Following on from our article on toes turning out during squats, which discussed fixing such a problem during wide-stance squats, this piece looks at the foot-angle issue from the perspective of the toes staying where they are but the heels sliding in.
The first part of the solution is fairly simple: distribute more of your weight back into the heels of your feet so they have more traction with the floor surface and are less likely to slide in. The weight distribution needs to be even between the 3 key areas of the foot (ball of the foot; outside edge of the foot; and the heel (especially the inside half of the heel)). Continue reading
Often when people perform this website’s preferred style of squats (wide-stance, straight-feet squats with an emphasis on external rotation from the hips) a technique problem can be encountered when the toes turn out during the movement.
We have discussed the implications of footwear on toes turning out here, so this article focusses on the question of whether it is restricted range of motion in your ankle joints and/or restricted range of motion in your hip capsules which is contributing to the problem. Continue reading
Having recently been asked about clicking during squats, and how it relates to knee pain and the overall effects of patellofemoral syndrome, it seems like an apt time to revisit this topic. Clicking knees, with or without pain, can be very disconcerting, and it’s not something that’s always commonly understood. It is not uncommon to experience clicking even if you do not have knee pain. This can happen when there is a short section of the knee’s range of motion with poor tracking but the rest of the range is otherwise fine, so that the patella is not uniformly tight and painful throughout. The cracking is the sound of the air in the joint popping as the patella quickly moves into a new position. So why does this happen, and what can be done about it? Continue reading
Powerful as they are, sissy squats are an exercise that is new and unfamiliar to most people, as it has a specialist focus. We receive a lot of questions about perfecting sissy squats form, both online and in person, so here’s our attempt to cover some of them – to make sure your sissy squat form is as good as possible to rectify your patella maltracking. Continue reading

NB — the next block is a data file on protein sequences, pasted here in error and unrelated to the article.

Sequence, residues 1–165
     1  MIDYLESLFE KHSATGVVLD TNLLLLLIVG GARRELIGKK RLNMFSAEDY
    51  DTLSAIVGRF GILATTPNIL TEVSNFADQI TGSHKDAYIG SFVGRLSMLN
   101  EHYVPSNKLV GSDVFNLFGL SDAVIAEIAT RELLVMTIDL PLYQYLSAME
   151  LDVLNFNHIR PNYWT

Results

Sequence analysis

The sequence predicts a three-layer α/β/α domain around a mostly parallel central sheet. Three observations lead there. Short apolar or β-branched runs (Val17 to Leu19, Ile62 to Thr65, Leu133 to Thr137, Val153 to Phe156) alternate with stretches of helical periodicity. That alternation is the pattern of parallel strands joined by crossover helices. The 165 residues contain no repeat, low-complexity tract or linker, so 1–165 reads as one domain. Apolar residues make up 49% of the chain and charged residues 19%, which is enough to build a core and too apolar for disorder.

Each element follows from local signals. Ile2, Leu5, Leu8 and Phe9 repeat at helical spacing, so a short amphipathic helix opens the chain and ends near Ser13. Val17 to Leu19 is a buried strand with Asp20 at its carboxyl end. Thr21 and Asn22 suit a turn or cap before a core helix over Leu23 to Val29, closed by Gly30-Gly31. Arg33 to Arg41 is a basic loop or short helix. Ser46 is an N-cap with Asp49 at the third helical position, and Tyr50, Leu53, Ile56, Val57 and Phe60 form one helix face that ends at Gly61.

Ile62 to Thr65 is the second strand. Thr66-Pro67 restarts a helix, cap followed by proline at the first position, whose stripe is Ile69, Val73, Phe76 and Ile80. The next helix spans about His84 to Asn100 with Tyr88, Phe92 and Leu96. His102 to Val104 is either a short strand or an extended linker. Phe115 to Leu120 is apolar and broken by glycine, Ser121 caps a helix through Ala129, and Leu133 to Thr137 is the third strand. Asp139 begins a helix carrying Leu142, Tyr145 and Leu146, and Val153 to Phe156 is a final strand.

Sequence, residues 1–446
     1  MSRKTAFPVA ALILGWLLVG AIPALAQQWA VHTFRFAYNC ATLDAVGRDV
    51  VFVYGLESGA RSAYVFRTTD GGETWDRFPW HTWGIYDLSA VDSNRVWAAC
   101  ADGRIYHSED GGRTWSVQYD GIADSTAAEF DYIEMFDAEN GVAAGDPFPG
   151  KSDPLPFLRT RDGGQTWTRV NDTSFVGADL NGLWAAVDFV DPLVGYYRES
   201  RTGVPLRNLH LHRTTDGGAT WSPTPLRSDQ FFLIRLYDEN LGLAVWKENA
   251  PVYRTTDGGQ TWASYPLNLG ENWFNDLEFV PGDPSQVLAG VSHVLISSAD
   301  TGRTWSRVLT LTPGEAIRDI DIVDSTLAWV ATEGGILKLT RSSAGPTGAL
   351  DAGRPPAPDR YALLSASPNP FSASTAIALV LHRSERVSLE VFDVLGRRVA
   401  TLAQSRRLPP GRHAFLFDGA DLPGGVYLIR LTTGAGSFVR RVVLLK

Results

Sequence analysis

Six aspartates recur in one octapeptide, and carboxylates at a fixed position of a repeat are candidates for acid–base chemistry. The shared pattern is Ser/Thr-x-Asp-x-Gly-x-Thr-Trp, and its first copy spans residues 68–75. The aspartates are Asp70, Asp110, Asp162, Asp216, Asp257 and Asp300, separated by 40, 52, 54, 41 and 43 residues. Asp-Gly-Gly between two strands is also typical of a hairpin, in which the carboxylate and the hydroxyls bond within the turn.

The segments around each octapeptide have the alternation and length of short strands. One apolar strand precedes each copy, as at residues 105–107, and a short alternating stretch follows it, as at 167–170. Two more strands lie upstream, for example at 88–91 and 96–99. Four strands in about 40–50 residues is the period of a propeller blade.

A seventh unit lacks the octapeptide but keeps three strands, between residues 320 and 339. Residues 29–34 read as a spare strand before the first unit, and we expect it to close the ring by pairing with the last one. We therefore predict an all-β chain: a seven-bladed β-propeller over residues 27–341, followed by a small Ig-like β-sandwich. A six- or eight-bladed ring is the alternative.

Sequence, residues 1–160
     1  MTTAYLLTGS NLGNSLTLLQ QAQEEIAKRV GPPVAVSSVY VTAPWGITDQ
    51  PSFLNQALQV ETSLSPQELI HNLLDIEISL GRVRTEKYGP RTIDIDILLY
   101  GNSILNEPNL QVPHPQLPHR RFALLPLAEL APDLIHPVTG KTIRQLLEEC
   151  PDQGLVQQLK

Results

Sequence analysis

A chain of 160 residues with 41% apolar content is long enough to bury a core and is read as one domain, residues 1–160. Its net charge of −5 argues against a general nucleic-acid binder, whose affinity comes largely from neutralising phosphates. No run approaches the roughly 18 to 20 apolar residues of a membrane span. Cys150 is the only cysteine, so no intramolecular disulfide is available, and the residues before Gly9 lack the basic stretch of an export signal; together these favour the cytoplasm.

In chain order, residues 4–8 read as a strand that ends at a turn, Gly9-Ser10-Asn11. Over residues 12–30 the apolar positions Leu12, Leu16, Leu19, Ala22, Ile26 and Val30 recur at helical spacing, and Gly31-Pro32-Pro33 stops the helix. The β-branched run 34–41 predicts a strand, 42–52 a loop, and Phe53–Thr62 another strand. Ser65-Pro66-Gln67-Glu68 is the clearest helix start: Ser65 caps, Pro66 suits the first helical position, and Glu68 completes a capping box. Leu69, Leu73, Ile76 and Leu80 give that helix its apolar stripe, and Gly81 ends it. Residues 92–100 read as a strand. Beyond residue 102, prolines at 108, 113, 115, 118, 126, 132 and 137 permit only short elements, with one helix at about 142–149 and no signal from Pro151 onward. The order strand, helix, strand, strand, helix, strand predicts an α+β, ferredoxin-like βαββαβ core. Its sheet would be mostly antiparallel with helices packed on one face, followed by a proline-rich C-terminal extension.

Footwear in various exercises has been a frequent topic of discussion recently at KneeStrength.com. As demonstrated in our article on barefoot running, we are in favour of people learning how to move and exercise barefoot and reduce reliance on shoes with heels and thick shock absorption. However, as we saw in last week’s discussion of the right type of shoe for training, different exercises call for different considerations. For something seemingly simple like calf stretches and sissy squats, you may ask if it is necessary to wear shoes. Here’s our thoughts: Continue reading
Following from our article regarding different causes of knee pain, we’re now going to address the question of what knee strength exercises can do for a different condition to patella maltracking – worn out cartilage. Longstanding movement problems can lead to the wearing down of your cartilage around the knee, and if this wears down then the bones will rub without protection, causing knee pain. Can sissy squats help relieve this pain, as it does with patella maltracking? Continue reading
Whether you are still building your strength before adding weights to your squat, or you are just warming up before moving to the squat rack, correct bodyweight-only squat technique is important, and part of that is understanding what to do with your arms. Continue reading
It’s all very well to explain that you should keep your feet straight, and that there are correct positions and postures to adopt with your body during exercises, but this instructions become much more meaningful when you understand exactly why these positions should be adopted. The following test will help demonstrate, with your own body, the impact your foot angle has on your hip joints and lower back: Continue reading
Many people who build wide-stance squatting into their training routines experience pain in the outside of their ankles. Sometimes this can simply be due to a need to get used to the high amount of external rotation we recommend when performing these squats. This just requires time and a bit of smart calf stretching. However, for others this outer ankle pain can be due to tightness in the peroneus muscles. Continue reading
Each year I volunteer to marshal a 10 kilometre cross-country fun run which is put on as a fundraiser for a local school. I always really enjoy the event as it an opportunity to observe how a large sample of people move. The runners at the front of the field move incredibly well; making the motions appear fluid and efficient with no wasted effort. It comes as no surprise to me that the further down the field you get, the more knee supports you see being worn by the runners and the more difficult and painful the effort of running appears to be.
This year I decided I would keep a mental note of the proportion of those runners wearing knee supports who exhibited out-turned feet as they ran. It wasn’t difficult for me to remember the proportion because it turned out to be 100%. Continue reading